Amazon has looked at digital solutions to try and flatten the curve while also keeping their workers safe. File picture: Reuters/Pascal Rossignol
Amazon has looked at digital solutions to try and flatten the curve while also keeping their workers safe. File picture: Reuters/Pascal Rossignol

Amazon is using thermal cameras for coronavirus temperature checks

By Floyd Matlala Time of article published Apr 20, 2020

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As companies continue to struggle to keep lights on and smaller businesses struggle to keep the doors open due to economic constraints caused by the Covid-19 pandemic, Amazon has looked at digital solutions to try and flatten the curve while also keeping their workers safe.

The e-commerce company has installed thermal cameras at its operations locations in New York, California and Washington, according to a statement published in CNN.

These new devices require less contact and are quicker than the forehead cameras Amazon had initially introduced.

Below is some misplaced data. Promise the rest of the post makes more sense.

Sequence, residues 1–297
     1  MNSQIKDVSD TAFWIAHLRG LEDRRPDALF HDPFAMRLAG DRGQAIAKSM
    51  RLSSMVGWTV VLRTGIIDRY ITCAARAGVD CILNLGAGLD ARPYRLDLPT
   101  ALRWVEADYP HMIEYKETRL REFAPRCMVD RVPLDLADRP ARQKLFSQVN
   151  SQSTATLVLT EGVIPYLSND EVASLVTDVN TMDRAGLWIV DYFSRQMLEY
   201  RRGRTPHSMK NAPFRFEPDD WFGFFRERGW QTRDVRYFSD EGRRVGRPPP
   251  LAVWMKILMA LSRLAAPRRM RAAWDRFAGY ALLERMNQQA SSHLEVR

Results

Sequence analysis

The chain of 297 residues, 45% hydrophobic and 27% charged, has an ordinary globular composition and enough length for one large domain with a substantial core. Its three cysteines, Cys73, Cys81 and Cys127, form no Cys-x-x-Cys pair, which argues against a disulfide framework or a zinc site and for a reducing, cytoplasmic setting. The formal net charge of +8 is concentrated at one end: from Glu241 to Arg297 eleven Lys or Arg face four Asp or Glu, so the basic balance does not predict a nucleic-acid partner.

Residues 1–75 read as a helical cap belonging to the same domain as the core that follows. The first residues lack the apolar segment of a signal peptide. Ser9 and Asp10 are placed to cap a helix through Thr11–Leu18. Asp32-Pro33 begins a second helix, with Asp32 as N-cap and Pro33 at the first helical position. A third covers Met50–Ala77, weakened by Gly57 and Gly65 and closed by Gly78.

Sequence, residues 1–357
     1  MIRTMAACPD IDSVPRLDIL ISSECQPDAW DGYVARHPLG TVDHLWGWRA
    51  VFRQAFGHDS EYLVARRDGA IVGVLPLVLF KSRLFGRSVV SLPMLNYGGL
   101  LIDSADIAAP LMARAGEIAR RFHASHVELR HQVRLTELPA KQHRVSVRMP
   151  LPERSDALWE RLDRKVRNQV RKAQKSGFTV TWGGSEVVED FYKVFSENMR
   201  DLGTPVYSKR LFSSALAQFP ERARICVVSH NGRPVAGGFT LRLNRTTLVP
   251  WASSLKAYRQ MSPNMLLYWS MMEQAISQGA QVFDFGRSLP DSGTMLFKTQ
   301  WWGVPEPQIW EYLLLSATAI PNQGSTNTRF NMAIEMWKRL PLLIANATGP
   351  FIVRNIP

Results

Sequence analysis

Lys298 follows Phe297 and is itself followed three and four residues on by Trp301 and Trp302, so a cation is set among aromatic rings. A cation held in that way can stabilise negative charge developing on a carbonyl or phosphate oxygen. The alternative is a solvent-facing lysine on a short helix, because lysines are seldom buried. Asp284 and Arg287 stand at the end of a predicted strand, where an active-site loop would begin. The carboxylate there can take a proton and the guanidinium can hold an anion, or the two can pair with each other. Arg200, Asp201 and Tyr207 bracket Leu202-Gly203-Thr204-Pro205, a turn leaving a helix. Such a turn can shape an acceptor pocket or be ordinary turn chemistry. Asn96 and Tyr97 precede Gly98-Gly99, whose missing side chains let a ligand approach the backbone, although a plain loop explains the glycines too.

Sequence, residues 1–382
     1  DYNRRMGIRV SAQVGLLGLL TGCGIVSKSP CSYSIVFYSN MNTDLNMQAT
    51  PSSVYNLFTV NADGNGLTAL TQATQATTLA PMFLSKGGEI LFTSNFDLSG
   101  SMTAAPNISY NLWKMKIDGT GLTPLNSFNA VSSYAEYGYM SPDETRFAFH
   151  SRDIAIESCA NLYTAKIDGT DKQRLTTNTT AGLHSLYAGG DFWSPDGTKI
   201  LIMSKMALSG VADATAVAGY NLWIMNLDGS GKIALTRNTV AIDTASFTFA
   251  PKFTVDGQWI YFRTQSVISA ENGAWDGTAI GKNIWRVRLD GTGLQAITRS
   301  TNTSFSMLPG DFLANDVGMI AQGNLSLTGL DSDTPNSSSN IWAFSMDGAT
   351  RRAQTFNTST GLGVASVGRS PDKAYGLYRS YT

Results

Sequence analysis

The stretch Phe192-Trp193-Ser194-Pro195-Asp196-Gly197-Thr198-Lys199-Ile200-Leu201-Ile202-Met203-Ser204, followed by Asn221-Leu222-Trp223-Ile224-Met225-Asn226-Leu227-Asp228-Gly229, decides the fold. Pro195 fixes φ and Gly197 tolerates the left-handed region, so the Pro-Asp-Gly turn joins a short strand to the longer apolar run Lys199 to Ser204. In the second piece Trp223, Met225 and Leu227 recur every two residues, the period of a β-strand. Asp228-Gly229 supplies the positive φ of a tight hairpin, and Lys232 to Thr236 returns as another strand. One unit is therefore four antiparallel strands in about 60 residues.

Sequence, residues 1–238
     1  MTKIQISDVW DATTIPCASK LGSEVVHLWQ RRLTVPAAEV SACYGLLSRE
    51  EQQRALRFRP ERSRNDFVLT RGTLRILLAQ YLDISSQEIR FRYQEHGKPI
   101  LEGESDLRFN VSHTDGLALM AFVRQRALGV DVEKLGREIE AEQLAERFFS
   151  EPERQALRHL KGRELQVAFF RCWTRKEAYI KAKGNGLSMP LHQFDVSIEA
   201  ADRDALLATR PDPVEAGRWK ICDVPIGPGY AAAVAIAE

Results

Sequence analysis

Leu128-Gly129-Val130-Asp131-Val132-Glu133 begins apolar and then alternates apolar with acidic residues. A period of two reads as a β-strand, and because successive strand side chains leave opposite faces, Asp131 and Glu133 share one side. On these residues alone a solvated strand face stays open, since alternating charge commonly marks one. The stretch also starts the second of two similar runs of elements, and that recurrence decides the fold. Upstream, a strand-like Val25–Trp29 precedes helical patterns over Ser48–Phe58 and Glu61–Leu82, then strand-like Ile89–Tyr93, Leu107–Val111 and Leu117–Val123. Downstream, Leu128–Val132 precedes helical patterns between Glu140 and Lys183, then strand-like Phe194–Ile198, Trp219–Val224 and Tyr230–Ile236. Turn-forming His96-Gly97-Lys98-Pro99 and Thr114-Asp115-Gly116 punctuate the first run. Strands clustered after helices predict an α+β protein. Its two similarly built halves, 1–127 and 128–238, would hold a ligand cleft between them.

"We implemented daily temperature checks in our operations locations as an additional preventative measure to support the health and safety of our employees who continue to provide a critical service in our communities," said Amazon spokesperson, Kristen Kish in a statement. "We are now implementing the use of thermal cameras for temperature screening to create a more streamlined experience at some of our sites."

These new measures come after several cases were reported at Amazon facilities resulting into uncontrolled walkouts by employees over Covid-19 precautionary measures. 

The company released a statement to say that it has made more than 150 process changes. This includes improved disinfectants, sanitization of warehouses and deploying face masks to workers across its US and European networks, as well as its Whole Foods Market stores. 

Thermal cameras will also replace thermometers at worker entrances to many of Amazon's Whole Foods stores, according to a recent staff note seen by Reuters and previously reported by Business Insider.

The company performs a second, forehead thermometer check on anyone flagged by the cameras to determine an exact temperature, one of the workers said. An international standard requires the extra check, though one camera system maker said the infrared scan is more accurate than a thermometer.

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